Years of Rx May Increase Cancer Risks

Breast cancer risks increased with long term calcium channel blocker use

/ Author:  / Reviewed by: Robert Carlson, M.D Beth Bolt, RPh

(RxWiki News) Millions of people rely on calcium channel blockers to control their blood pressure. They are among the most widely prescribed medications in the US. New research suggests that long-term use of these medications may impact cancer risks.

According to this new study, women who took channel blockers for ten or more years had increased breast cancer risks.

None of the other classes of medications used to treat hypertension (high blood pressure) had the same impact.

This was an observational study that looked at trends and didn’t report that channel blockers cause breast cancer — only that years of use may be associated with higher risks for the disease.

"Ask your pharmacist about the long-term risks of your medications."

Christopher I. Li, MD, PhD, of the Fred Hutchinson Cancer Research Center in Seattle, and colleagues conducted this research.

The purpose of this study was to determine any association between hypertension medications (antihypertensive agents) and invasive ductal carcinoma and invasive lobular carcinoma, the two most common forms of breast cancer.

"Calcium channel blockers are prescribed for a number of reasons," Sarah Samaan, MD, FAAC, board certified cardiologist at Legacy Heart Center at the Baylor Heart Hospital, told dailyRx News. “First, they are very effective at treating hypertension. By keeping blood pressure in the normal range, we can prevent heart attacks, strokes, and kidney failure.”

The researchers also looked at other antihypertensive medications. Diuretics help get rid of excess salt and water in the body. Beta blockers reduce the heart’s workload to lower blood pressure. Angiotensin II receptor blockers (ARBs) and angiotensin converting enzyme (ACE) inhibitors both work to reduce blood pressure by relaxing or dilating the blood vessels.

Women aged 55 to 74 from the Seattle-Puget Sound area participated in this study. A total of 880 study members had invasive ductal breast cancer, 1,027 women had invasive lobular breast cancer and 856 participants were cancer-free.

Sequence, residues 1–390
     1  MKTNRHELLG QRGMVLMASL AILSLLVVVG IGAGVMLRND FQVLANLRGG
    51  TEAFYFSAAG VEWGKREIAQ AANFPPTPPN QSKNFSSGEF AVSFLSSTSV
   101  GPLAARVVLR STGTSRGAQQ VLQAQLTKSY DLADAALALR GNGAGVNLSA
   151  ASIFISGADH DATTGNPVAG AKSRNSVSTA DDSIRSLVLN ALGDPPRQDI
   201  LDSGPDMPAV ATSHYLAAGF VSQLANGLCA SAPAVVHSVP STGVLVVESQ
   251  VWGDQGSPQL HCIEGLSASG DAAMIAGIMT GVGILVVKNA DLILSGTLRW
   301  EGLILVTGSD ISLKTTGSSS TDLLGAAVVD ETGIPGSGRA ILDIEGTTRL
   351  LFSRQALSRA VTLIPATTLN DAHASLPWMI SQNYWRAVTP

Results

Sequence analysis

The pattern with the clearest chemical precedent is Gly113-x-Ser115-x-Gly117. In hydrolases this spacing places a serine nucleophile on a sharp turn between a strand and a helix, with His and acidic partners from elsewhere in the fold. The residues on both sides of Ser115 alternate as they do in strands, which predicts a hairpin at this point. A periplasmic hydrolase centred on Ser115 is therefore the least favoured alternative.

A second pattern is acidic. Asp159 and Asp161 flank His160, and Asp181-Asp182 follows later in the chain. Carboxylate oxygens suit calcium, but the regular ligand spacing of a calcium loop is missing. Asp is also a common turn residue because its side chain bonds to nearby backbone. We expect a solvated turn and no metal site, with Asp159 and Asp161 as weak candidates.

The women had been diagnosed with breast cancer between 2000 and 2008.

The researchers learned that women who had been using calcium channel blockers for 10 or more years had a 240 percent higher risk of developing ductal breast cancer and a 260 percent higher risk of lobular breast cancer than did women not taking the medications.

These results did not vary by type of calcium channel blocker used.

Increased breast cancer risks were not seen among women who used other forms of antihypertensive medications, including diuretics, ACE inhibitors, beta blockers or ARBs.

Examples of calcium channel blockers include:

“The finding that calcium channel blockers may raise breast cancer risk is disturbing. Although women are six times more likely to die of heart disease than of breast cancer, breast cancer remains a devastating and life-changing diagnosis,” said Dr. Samaan, who was not involved in this study.

“The message to doctors is to consider other options, such as beta blockers, ACE inhibitors, ARB drugs, or diuretics, before turning to calcium channel blockers. If a calcium channel blocker is the best option, it's especially important to undergo regular breast cancer screening. “

“It is equally important,” she continued, “that women (and men) understand that many cases of hypertension are preventable by choosing a healthy diet, exercising regularly, and maintaining a healthy body weight.”

Dr. Samaan added, “Avoiding excessive amounts of salt and alcohol, and getting adequate restful sleep will also help to keep the blood pressure in a normal range. By taking these steps, we can avoid exposure to many pharmaceuticals and also naturally lower our risk for cardiovascular disease and cancer.”

Findings from this study were published August in 5 in JAMA Internal Medicine.

This study was funded by the National Cancer Institute and the US Department of Defense funded the study. No conflicts of interest were disclosed.

Review Date: 
August 5, 2013
Last Updated:
August 6, 2013